Switch to ADA Accessible Theme
Close Menu
Recent Important Appellate Decisions for Personal Injury Lawyers - June 26thRegister
Atlanta Truck Accident Lawyers > Clayton County Personal Injury Lawyer > Clayton County Premises Liability Lawyer

Clayton County Premises Liability Lawyers

Premises liability refers to the responsibility of property owners to keep their land safe for visitors and warn of potential hazards. If a property owner is aware of a dangerous condition on their land and fails to remedy the issue or make the hazard known, and someone is injured as a result, the owner can be held legally liable.

If you were hurt while on someone’s land and suspect that the owner was careless in their legal duty, you should consider consulting with a Clayton County premises liability lawyer. A personal injury attorney could provide the fearless representation needed to help you pursue all damages you may be entitled to.

An Overview of Premises Liability Law in Clayton County

Success in a premises liability claim depends on whether plaintiffs can show that the property owner owed them a duty of care, and if the owner’s violation of this duty injured them. The type of duty that property owners owe to people on their land depends on whether the visitors are categorized as invitees, licensees, or trespassers. While licensees and invitees are legally on premises, trespassers are present without the owner’s permission. Property owners owe the highest duty to invitees, a lesser obligation to licensees, and the lowest obligation to trespassers.


An invitee is someone whose presence provides some type of benefit to the property owner. Diners at a cafe or shoppers at a mall are examples of invitees. A property owner must fix dangers on the premises or provide notice of these dangers to ensure an invitee’s safety. In addition, the owner must regularly check the land for any dangers that could injure an invitee.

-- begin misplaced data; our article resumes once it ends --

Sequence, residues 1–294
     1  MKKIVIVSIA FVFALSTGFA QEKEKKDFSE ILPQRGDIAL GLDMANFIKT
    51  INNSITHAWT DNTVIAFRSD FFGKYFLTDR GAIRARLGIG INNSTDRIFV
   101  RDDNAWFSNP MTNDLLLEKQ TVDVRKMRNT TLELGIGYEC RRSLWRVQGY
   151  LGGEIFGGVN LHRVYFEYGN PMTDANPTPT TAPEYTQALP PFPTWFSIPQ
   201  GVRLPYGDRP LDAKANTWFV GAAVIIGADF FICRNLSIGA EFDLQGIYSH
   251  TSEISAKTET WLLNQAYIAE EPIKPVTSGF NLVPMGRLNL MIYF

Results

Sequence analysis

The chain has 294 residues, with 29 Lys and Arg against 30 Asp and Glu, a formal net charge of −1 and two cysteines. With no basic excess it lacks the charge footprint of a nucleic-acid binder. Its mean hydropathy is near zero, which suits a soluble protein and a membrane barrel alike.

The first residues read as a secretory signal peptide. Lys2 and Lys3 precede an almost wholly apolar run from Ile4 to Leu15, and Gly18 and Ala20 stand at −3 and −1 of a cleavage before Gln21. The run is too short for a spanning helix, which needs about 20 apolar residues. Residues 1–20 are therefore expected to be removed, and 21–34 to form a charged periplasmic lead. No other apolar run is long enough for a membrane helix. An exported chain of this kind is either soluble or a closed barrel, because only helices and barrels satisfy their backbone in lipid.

A licensee is on the property to further their own interests, such as a guest at the owner’s home. A property owner’s duty to a licensee is to fix dangers on the land and to make the licensee aware of any conditions that the licensee would not reasonably be expected to find.


A trespasser is someone who is on another’s land without permission. Under Georgia code, the only legal obligation that a property owner owes to someone on their land illegally is to avoid intentionally harming them.

Common Types of Premises Liability Claims

Premises liability claims can encompass a wide range of accidents on both personal and commercial property. Common claims include:

  • Trips, slips, and falls;
  • Potholes;
  • Dog bites;
  • Elevator/escalator/staircase accidents;
  • Swimming accidents;
  • Negligent fire protection protocols; and
  • Negligent security.

Any of these situations can leave someone facing severe and even life-threatening injuries, resulting in considerable medical expenses, income loss, pain, and suffering.

Statute of Limitations for Personal Injury Cases

Georgia law requires that premises liability claims be filed no later than two years from the date the accident occurs. If children under the age of 18 are injured by the negligence of a property owner, they have until their 20th birthday to sue for damages. A Clayton County attorney could make sure a premises liability claim is filed within the applicable statute of limitations.

Contact a Clayton County Premises Liability Lawyer

A Clayton County premises liability lawyer could assist in holding the property owner accountable if their negligence led to injuries. Call now to arrange your consultation with a Clayton County lawyer to see how we could help you through this challenging time in your life.

Share This Page:
Facebook Twitter LinkedIn

© 2022 - 2024 Shiver Hamilton Campbell. All rights reserved. This law firm website
and legal marketing are managed by MileMark Media.